ECSIT is a protein with roles in early development, activation of the transcription factor NFB and production of mitochondrial reactive oxygen species (mROS) that facilitates clearance of intracellular bacteria like Salmonella. ECSIT is also an important assembly factor for mitochondrial complex I. Unlike the murine form of Ecsit (mEcsit), we demonstrate here that human ECSIT (hECSIT) to be highly labile. In order to explore if the instability of hECSIT affects functions previously ascribed to its murine counterpart, we created a novel transgenic mouse in which the murine Ecsit gene is replaced by the human ECSIT gene. The humanised mouse has low levels of hECSIT protein in keeping with its intrinsic instability. Whereas low level expression of hECSIT was capable of fully compensating for mEcsit in its roles in early development and activation of the NFB pathway, macrophages from humanised mice showed impaired clearance of Salmonella that was associated with reduced production of mROS. Notably, severe cardiac hypertrophy manifested in ageing humanised mice leading to premature death. The cellular and molecular basis to this phenotype is delineated by showing that low levels of human ECSIT protein leads to marked reduction in assembly and activity of mitochondrial complex I with impaired oxidative phosphorylation and reduced production of ATP. Cardiac tissue from humanised hECSIT mice also shows reduced mitochondrial fusion and more fission but impaired clearance of fragmented mitochondria. A cardiomyocyte-intrinsic role for Ecsit in mitochondrial function and cardioprotection is also demonstrated. We also show that cardiac fibrosis and damage in humans correlates with low expression of human ECSIT. In summary, our findings identify a new role for ECSIT in cardioprotection whilst also generating a valuable new experimental model to study mitochondrial dysfunction and cardiac pathophysiology.
    Keywords:  Cardiology; Cardiovascular disease; Metabolism; Mitochondria
  9. Nat Commun. 2021 May 28. 12(1): 3239
      The human mitochondrial AAA+ protein LONP1 is a critical quality control protease involved in regulating diverse aspects of mitochondrial biology including proteostasis, electron transport chain activity, and mitochondrial transcription. As such, genetic or aging-associated imbalances in LONP1 activity are implicated in pathologic mitochondrial dysfunction associated with numerous human diseases. Despite this importance, the molecular basis for LONP1-dependent proteolytic activity remains poorly defined. Here, we solved cryo-electron microscopy structures of human LONP1 to reveal the underlying molecular mechanisms governing substrate proteolysis. We show that, like bacterial Lon, human LONP1 adopts both an open and closed spiral staircase orientation dictated by the presence of substrate and nucleotide. Unlike bacterial Lon, human LONP1 contains a second spiral staircase within its ATPase domain that engages substrate as it is translocated toward the proteolytic chamber. Intriguingly, and in contrast to its bacterial ortholog, substrate binding within the central ATPase channel of LONP1 alone is insufficient to induce the activated conformation of the protease domains. To successfully induce the active protease conformation in substrate-bound LONP1, substrate binding within the protease active site is necessary, which we demonstrate by adding bortezomib, a peptidomimetic active site inhibitor of LONP1. These results suggest LONP1 can decouple ATPase and protease activities depending on whether AAA+ or both AAA+ and protease domains bind substrate. Importantly, our structures provide a molecular framework to define the critical importance of LONP1 in regulating mitochondrial proteostasis in health and disease.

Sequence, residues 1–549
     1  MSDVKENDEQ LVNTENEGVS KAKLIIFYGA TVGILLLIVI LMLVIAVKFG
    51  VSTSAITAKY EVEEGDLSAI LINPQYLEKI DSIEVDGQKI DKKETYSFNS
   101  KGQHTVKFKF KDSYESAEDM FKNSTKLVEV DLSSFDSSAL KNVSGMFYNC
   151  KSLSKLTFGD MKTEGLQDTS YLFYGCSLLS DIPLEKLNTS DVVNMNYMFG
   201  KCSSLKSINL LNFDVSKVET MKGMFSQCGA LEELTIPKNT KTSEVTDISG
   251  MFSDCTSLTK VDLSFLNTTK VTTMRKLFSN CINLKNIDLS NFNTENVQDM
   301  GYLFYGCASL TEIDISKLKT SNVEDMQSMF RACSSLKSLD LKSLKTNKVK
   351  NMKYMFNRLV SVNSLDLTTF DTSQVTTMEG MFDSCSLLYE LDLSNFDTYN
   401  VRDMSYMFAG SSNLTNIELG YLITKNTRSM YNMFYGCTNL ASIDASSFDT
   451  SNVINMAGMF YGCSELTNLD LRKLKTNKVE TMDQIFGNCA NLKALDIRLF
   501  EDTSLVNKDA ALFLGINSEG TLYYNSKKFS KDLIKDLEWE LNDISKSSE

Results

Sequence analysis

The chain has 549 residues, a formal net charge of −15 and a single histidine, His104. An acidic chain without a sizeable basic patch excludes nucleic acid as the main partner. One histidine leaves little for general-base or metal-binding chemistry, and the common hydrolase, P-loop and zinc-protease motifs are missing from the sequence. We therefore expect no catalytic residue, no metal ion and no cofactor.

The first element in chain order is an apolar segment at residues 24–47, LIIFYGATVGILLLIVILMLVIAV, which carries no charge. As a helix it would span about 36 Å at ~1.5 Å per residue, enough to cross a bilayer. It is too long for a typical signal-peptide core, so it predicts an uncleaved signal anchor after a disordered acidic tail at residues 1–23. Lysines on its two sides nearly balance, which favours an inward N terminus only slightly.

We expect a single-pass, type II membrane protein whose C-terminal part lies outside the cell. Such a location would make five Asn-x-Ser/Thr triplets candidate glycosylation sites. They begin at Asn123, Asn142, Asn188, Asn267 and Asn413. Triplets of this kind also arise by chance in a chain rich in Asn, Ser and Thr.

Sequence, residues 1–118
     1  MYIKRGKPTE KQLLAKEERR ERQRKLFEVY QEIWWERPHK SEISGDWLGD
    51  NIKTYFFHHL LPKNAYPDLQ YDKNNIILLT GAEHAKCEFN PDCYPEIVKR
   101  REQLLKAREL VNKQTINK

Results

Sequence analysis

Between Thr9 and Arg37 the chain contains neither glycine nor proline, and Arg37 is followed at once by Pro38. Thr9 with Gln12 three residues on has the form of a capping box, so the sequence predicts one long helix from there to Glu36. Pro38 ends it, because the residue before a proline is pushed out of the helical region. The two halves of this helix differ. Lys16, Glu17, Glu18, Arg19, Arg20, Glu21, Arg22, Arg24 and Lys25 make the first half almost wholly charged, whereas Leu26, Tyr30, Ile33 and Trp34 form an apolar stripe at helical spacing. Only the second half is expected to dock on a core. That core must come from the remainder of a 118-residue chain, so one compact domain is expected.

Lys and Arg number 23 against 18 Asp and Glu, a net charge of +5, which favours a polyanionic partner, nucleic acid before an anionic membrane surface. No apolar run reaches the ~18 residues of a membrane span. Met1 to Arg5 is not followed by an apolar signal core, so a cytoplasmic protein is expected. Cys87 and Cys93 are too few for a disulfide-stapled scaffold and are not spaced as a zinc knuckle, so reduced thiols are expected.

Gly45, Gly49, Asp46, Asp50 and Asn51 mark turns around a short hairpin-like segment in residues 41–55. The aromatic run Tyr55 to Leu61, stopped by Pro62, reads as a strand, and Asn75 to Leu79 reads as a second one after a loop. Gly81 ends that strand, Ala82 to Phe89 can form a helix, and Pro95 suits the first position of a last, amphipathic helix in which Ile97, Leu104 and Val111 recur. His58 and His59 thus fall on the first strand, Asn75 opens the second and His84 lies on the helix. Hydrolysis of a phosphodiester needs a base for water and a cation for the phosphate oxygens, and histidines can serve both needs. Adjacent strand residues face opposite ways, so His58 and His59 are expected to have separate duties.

10. J Biol Chem. 2021 May 20. pii: S0021-9258(21)00612-8. [Epub ahead of print] 100816